If someone were to ask me what I think is the biggest single problem facing the Catholic Church today, I would answer that it is the widespread loss of faith in Our Lord’s Real Presence in the Blessed Sacrament; and this had led many to think that since God is everywhere, then going to the Blessed Sacrament is not really important.
When you receive Holy Communion, the priest presents the sacred Host and says, “The Body of Christ,” and you say, “Amen.” That word “amen” is not just a ritualistic response but an affirmation of the truth of the priest’s declaration. When you say “amen,” you are acknowledging before God that you believe that what you are receiving is, in fact, of the Body and Blood of Christ hidden under the appearances of bread and wine. You are affirming that in the Holy Eucharist you receive Jesus Christ’s Body, Blood; everything that goes to make up a true body, such as bones, nerves, and so on, together with his soul and Divinity…Christ whole and entire! Consequently, the Eucharist contains Jesus Christ in the fullness of his divinity and the completeness of his humanity.
Having established this fact, then going to spend some time in a place where our Lord Jesus Christ is made present, not just spiritually as God, but both physically and spiritually is indispensable.
Now, we must make an extremely important theological distinction in regard to the ways in which God is present. Obviously, as God, Jesus is present everywhere; He is omnipresent. There is no place in the heavens or on the earth where He is not.
But, in the Holy Eucharist, Jesus Christ, the Eternal Word made flesh, true God, and true man, is uniquely present. He is not only spiritually present: He is also substantially present and bodily present. In the Most Blessed Sacrament, He is present in His divinity and His humanity! By the Will of God the Father, the sacred humanity of Christ is the greatest source of graces, blessings, strength, divine assistance, and consolation given for our lives — for those who believe!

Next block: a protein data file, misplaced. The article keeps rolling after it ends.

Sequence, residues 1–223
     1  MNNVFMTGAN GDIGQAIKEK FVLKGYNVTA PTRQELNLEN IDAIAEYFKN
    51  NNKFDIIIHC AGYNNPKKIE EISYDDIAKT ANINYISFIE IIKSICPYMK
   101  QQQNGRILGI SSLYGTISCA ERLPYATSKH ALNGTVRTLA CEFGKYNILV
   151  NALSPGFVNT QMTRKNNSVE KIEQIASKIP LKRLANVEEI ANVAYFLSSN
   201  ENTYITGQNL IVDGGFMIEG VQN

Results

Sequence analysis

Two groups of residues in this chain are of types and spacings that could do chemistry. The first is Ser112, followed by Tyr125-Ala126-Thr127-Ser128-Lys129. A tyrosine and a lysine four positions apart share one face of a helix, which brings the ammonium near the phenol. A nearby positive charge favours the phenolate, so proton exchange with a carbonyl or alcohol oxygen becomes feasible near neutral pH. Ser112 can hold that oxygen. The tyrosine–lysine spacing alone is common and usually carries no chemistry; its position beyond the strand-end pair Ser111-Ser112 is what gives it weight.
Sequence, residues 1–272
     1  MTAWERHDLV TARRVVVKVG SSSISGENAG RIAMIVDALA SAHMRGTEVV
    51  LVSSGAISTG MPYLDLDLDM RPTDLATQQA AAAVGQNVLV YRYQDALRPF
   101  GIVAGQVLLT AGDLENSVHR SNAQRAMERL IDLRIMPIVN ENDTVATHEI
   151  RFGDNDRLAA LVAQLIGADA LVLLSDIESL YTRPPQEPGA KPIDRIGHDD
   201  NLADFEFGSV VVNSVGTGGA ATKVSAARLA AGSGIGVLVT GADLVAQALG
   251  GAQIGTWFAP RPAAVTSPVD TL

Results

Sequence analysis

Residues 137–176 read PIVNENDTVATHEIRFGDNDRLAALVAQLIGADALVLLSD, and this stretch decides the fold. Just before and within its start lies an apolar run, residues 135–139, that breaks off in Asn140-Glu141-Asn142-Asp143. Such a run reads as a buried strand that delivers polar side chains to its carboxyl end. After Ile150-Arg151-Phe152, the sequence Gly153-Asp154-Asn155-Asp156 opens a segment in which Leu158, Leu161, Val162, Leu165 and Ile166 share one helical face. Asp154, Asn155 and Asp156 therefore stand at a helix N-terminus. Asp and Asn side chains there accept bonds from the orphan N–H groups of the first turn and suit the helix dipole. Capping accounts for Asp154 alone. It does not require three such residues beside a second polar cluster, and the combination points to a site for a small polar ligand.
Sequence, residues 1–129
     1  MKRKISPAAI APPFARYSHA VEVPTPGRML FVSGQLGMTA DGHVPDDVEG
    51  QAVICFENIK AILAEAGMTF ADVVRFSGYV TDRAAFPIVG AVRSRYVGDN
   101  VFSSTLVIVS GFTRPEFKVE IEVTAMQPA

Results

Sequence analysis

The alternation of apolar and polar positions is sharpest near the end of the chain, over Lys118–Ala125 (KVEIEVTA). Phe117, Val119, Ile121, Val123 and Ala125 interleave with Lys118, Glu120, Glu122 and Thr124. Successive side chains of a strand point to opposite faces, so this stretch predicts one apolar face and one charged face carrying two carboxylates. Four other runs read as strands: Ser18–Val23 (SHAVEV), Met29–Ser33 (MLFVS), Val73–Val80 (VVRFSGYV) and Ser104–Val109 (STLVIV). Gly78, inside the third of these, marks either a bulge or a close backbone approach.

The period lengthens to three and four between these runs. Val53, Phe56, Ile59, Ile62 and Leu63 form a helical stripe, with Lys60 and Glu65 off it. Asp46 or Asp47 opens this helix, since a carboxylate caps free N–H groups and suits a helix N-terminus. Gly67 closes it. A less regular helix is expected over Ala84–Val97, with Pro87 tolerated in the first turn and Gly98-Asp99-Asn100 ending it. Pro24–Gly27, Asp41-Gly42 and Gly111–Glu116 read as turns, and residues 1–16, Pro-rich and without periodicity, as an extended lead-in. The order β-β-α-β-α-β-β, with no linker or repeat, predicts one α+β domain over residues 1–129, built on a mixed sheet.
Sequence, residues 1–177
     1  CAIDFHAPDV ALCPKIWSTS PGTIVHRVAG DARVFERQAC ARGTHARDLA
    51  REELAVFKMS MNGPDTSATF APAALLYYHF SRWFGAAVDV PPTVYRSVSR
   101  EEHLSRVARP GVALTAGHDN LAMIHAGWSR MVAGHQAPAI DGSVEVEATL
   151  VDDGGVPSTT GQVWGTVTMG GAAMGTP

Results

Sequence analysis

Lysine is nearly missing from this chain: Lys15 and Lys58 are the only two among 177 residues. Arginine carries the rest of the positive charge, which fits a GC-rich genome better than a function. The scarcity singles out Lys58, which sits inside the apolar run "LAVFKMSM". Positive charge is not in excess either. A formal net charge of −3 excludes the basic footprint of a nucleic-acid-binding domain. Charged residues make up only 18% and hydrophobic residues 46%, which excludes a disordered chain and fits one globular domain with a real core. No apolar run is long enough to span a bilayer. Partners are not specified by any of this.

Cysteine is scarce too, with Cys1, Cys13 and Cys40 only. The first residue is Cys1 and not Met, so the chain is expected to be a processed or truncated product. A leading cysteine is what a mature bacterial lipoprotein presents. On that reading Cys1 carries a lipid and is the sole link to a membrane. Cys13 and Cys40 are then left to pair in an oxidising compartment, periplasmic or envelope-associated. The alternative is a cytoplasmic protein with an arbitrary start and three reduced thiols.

This is why the Holy Eucharist is the greatest of the seven sacraments because in it we are receiving not just the grace of Jesus Christ, but Jesus Christ Himself. The Eucharist is “the source and summit of Christian life.” As Archbishop Sheen was fond of saying, without Christ’s Eucharistic Presence, the Catholic Church is just another Christian denomination among thousands. Above all, we must make use of what we’ve got and appreciate it before others do that for us.
Bottom line: spend time before our Lord Jesus Christ in the Blessed Sacrament, that’s where the secret of the hidden graces and powers lies.
Fr. Chinaka Justin Mbaeri, OSJ
Paroquia Nossa Senhora de Loreto, Vila Medeiros, São Paulo, Brazil
firstname.lastname@example.org / email@example.com
PS: Have you prayed your Rosary today?